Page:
For those unfamiliar, StAnza is Scotland’s biggest poetry festival held every March since 1998 in the quaint town of St Andrews. Over the years it has consolidated its reputation as one of the leading international festivals dedicated solely to that intricate writing tradition which has produced the likes of Sylvia Plath, Louis MacNeice and T.S. Elliot.

 

This year’s two prominent themes were A Common Wealth of Poetry to celebrate Glasgow playing host to the Commonwealth Games next July and Words Under Fire marking the centenary of World War One.

 

The six-day event offered an exceptionally generous programme whose highlights included productions by Square Peg Contemporary Circus performing Coleridge’s “Rime of The Ancient Mariner” in words, dance and acrobatics. Workshops, lectures, poetry readings and slams as well as films and exhibitions, were just some of the activities available throughout the week.

 

The poetry evenings showcased some of the best voices in contemporary verse amongst which Tishani Doshi and David Lee Morgan left a lingering impression.

 

Doshi is a poet whose writing is coloured by her life in India. It is the writing of a woman who quietly resists many of the traditional values and expectations that befall the majority of her peers. Yet it is also the writing of someone who watches our rapidly changing moral landscape with sympathy and at times incredulity. There is a composed fragility set against a defiant survival instinct that makes her poetry audible.

 

In “Girls are coming out of the Woods” the unsettling frankness almost provokes contempt because of its unabashed honesty. Lines such as: “girls…, lifting / their broken legs high, leaking secrets / from unfastened thighs…” are both brave and discomforting but also touching, especially when towards the end we get:

            

          girls are coming out

          of the woods the way birds arrive

          at morning windows –pecking

          and humming, until all you can hear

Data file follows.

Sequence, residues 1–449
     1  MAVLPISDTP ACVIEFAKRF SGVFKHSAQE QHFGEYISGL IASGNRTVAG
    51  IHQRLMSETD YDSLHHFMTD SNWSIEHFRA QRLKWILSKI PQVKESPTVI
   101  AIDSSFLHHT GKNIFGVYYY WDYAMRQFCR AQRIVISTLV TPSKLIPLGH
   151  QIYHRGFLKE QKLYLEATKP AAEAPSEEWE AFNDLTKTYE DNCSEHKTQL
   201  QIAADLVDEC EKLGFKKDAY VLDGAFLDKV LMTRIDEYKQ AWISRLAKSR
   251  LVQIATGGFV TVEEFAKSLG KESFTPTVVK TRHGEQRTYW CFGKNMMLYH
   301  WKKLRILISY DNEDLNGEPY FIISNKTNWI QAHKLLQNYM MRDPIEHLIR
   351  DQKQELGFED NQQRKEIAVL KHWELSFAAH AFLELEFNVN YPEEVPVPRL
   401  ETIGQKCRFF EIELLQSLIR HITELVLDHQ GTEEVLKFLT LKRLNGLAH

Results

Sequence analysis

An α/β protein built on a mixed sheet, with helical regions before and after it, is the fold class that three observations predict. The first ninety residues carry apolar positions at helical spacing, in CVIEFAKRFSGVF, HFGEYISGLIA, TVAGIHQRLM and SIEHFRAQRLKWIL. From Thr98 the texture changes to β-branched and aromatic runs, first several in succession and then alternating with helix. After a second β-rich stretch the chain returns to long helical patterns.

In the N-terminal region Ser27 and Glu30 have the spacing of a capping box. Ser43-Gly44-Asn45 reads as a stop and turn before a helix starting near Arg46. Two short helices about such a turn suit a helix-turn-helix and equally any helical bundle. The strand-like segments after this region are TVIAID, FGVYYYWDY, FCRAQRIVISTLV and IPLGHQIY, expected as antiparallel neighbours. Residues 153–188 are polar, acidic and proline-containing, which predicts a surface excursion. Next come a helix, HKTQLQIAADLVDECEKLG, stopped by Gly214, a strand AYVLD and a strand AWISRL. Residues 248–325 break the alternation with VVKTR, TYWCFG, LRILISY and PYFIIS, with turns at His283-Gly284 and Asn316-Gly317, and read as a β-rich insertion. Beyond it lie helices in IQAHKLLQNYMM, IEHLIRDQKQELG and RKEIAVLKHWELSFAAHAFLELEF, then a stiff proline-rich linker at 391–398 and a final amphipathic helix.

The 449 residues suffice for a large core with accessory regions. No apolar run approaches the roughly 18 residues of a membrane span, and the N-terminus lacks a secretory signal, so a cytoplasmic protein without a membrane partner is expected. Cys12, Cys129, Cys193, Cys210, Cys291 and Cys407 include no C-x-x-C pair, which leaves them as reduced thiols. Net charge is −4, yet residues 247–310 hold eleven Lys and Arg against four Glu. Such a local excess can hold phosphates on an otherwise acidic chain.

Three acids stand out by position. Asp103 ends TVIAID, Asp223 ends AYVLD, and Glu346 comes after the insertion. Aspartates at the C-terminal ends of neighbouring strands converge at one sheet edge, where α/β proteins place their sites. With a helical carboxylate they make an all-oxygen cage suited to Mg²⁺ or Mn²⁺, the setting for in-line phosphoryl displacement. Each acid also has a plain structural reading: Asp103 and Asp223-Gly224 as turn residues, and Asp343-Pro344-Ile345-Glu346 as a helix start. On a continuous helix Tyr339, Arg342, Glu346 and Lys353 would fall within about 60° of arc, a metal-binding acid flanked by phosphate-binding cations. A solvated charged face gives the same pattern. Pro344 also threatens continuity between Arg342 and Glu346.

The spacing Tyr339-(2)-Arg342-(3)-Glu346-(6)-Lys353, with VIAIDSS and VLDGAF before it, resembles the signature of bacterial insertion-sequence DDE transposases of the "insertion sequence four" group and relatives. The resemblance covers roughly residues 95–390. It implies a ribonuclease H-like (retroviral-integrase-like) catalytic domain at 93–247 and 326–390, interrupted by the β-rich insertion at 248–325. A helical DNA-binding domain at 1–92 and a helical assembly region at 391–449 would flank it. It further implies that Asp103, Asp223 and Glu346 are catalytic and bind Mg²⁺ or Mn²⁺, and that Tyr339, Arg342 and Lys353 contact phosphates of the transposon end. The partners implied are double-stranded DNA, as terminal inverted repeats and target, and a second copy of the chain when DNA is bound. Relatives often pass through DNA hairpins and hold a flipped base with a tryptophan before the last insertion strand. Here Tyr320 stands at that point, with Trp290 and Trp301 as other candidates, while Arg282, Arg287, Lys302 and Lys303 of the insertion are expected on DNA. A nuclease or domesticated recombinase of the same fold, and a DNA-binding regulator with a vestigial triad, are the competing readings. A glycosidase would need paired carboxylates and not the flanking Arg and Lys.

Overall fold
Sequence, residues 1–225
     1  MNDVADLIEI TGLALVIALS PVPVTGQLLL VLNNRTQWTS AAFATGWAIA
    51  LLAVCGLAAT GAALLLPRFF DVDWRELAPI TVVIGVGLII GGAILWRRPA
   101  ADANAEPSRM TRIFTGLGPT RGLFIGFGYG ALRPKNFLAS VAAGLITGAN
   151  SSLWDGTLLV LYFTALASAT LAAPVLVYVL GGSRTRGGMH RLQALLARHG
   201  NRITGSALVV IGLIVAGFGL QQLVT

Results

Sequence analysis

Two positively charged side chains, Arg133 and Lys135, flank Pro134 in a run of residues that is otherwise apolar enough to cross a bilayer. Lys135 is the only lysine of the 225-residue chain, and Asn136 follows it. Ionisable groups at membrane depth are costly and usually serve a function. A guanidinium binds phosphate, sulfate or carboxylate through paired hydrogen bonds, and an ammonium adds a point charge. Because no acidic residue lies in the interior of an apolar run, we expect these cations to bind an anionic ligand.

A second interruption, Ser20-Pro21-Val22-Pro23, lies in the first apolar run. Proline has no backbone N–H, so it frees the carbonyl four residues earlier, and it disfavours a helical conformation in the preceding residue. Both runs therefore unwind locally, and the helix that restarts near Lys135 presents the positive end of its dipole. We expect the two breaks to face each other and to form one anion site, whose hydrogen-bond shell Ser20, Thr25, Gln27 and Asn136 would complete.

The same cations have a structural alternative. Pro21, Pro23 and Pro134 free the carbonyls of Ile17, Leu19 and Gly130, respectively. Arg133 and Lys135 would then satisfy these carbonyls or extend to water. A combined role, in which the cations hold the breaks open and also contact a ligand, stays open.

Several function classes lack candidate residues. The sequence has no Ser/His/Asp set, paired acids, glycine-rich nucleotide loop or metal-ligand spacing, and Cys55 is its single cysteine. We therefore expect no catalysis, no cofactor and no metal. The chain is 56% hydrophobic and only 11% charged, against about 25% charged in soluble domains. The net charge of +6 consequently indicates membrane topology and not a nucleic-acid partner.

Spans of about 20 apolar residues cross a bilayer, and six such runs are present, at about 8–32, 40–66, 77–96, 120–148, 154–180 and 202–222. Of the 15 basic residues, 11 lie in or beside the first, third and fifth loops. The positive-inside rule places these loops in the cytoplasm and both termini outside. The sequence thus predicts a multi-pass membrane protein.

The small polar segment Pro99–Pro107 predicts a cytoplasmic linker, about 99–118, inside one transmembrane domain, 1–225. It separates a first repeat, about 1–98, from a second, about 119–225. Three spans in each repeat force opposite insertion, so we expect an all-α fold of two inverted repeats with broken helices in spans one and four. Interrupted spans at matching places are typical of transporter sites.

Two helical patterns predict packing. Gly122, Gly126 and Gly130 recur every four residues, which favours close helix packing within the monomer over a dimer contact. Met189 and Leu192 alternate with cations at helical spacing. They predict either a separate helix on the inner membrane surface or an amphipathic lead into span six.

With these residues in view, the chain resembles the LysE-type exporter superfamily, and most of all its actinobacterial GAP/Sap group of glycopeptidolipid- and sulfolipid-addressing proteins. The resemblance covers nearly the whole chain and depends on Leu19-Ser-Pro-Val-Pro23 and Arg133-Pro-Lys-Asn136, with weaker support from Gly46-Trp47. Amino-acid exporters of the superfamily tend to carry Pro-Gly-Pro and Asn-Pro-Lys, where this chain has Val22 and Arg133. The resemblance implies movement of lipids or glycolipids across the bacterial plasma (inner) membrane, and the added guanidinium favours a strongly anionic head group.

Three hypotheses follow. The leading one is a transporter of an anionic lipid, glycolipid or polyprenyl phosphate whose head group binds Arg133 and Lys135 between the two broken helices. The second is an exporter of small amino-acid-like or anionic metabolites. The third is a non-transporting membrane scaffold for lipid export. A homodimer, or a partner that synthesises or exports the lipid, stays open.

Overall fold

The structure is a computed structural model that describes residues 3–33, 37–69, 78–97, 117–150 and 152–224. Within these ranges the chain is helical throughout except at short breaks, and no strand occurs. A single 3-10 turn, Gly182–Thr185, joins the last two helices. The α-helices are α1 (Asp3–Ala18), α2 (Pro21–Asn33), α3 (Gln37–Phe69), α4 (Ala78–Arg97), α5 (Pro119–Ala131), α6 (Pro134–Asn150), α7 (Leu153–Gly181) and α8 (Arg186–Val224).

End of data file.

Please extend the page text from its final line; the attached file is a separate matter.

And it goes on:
is the smash of their miniscule hearts

          against glass…

 

During the reading she said she was “a bit nervous” and that we must excuse her, but the truth is that we were a bit nervous too. In “Walking Around (after Neruda)” we get a sense of that quiet rebellion from a woman who is content to be in love with her “undrunk breasts”. In “Ma is no longer with us” we can appreciate her cool reticence at the way technology is changing how we share and process personal information.

                                                                                                                      

When it comes to Morgan here is a poet of a whole different calibre. Powerful and energetic, his stage presence jolts you into awareness from whatever momentary slumber you may have succumbed to. Best known for writing impassioned political diatribes his words, to use the title of his recent poem from Science, Love and Revolution hit you like a bullet without pausing to consider your feelings.

 

Calling himself a citizen of the planet a pure kind of empathy that is intelligent and transcendent colours his writing. In “Samson” he asks:

            

             Did you ever feel like you had so much love locked up inside

             But you couldn’t let it out, couldn’t let it go

             Had to keep hold of an icy cold silence

             Or you might explode in mindless, raging violence

 

We feel exposed, almost cornered by the intuitive revelation of the question. And the answer is “yes” we do feel like that at least sometimes.

 

His intention, if one can presume to know it, is to push our limits of awareness until we, like him, are able to see the particulars of the bigger picture. To see them and to be charged by our knowing of the truth, enough to start doing something to resist the injustices which have been allowed to thrive. In “What Is To Be Done” that intention is arguably reinforced when he says: “the revolution will not come until it has pierced your heart” and sealed in “Santa” through: “Toys were made to be broken, not children”.

 

We don’t have to love poetry or be poets ourselves to learn to appreciate its value. Good poetry finds a way into the memory independently of us and stays there. That is why festivals like StAnza matter.